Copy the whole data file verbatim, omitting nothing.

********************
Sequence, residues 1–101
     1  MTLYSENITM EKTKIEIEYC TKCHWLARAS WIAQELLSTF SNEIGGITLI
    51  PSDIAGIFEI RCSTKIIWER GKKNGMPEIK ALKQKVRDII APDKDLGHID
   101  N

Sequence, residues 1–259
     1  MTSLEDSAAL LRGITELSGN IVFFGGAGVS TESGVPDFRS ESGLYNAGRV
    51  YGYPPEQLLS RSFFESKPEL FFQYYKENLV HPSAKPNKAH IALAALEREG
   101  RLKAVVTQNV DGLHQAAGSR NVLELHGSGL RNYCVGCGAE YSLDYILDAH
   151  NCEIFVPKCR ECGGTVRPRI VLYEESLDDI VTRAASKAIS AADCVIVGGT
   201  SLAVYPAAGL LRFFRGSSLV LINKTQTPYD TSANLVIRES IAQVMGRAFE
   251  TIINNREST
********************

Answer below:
Sequence, residues 1–101
     1  MTLYSENITM EKTKIEIEYC TKCHWLARAS WIAQELLSTF SNEIGGITLI
    51  PSDIAGIFEI RCSTKIIWER GKKNGMPEIK ALKQKVRDII APDKDLGHID
   101  N

Sequence, residues 1–259
     1  MTSLEDSAAL LRGITELSGN IVFFGGAGVS TESGVPDFRS ESGLYNAGRV
    51  YGYPPEQLLS RSFFESKPEL FFQYYKENLV HPSAKPNKAH IALAALEREG
   101  RLKAVVTQNV DGLHQAAGSR NVLELHGSGL RNYCVGCGAE YSLDYILDAH
   151  NCEIFVPKCR ECGGTVRPRI VLYEESLDDI VTRAASKAIS AADCVIVGGT
   201  SLAVYPAAGL LRFFRGSSLV LINKTQTPYD TSANLVIRES IAQVMGRAFE
   251  TIINNREST